Luther was probably more concerned about people who wished to claim that the creation occurred in a single instant rather than over six days, as the Bible records. Today there are those who wish to deny the creation all together, or stretch it out of eons of suffering death and struggle for survival.

What is wrong with the Biblical account? Nothing, it is true, it makes sense and ultimately is central to the Gospel. Our Creator has already demonstrated that He can create us, and the creation of our Earthly father, Adam, was not the result of any works of his own. Adam’s creation was and our creation is an act of pure grace on God’s part. How evil it would be to twist the creation into a Darwinian struggle for survival in which, through the works of our dead ancestors, we have come to the glorious state we enjoy today! What kind of gospel would it be that offers us a perfect body, mind and soul through a million future deaths as we evolve to perfection? Where is the grace in that?

Ultimately, the creation was a fundamental pillar of the Reformation because it is a fundamental theme of Scripture and fundamental to the Gospel. No wonder the first article of Martin Luther’s short and long catechisms is:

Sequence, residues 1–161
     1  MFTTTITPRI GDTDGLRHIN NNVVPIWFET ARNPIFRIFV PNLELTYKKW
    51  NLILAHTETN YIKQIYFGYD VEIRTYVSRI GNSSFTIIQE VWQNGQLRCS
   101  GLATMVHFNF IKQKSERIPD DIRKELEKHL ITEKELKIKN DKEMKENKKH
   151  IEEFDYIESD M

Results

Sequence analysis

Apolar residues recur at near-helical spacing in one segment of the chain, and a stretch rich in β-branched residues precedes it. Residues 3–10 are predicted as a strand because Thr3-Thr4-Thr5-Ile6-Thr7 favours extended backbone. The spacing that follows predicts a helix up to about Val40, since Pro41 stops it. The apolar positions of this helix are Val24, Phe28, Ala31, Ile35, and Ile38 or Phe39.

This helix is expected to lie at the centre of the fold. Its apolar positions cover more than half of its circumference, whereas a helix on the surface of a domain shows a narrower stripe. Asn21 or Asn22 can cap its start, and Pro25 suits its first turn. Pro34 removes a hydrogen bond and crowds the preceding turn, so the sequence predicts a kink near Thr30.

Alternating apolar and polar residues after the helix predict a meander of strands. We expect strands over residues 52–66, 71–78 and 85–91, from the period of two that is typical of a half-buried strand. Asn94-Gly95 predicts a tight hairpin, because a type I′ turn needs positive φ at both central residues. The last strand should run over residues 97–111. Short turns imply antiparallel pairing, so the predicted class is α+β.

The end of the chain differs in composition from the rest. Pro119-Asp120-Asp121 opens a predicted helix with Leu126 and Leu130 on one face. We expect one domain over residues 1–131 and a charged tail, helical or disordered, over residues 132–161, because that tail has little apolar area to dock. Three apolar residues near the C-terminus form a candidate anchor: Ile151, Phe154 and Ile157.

“I believe in God the Father Almighty, Maker of heaven and earth.”
(Martin Luther. The Large Catechism. Translated by F. Bente and W.H.T. Dau. Published in: Triglot Concordia: The Symbolical Books of the Ev. Lutheran Church. St. Louis: Concordia Publishing House, 1921. pp. 565-773)

All Bible-believing Christians believe in and worship our Creator. Because the creation is true and necessary, the creation makes sense of reality and is at the center of the Gospel. The Gospel is that, just like the creation of our father Adam, our new creation, our adoption as sons of our Heavenly Father, is an act of pure and astonishing grace. In short: no creation, no grace and no Gospel. Thank God the creation is what actually happened and the Gospel is a beautiful reality!


by Timothy G. Standish, PhD
Senior Scientist
Geoscience Research Institute

This entry was posted in Biblical and Theological Perspectives, Philosophical and Historical Perspectives, Reviews and Events and tagged , , , , , , , , . Bookmark the permalink.

2 Responses to The Bible, The Creation and The Reformation

  1. Peter Abraham Mukhwana says:

    Thanks a lot for this very encouraging sermon on Creation and our Redeption history.
    I need more articles on this and more.
    Thanks once again and God bless His church.
    Amen

  2. Bob Helm says:

    There is indeed a close relationship between the good news of God’s grace and creation. Those who compromise creation are actually compromising Christ’s atonement and justification by faith. Thanks again for your good thoughts and careful reasoning.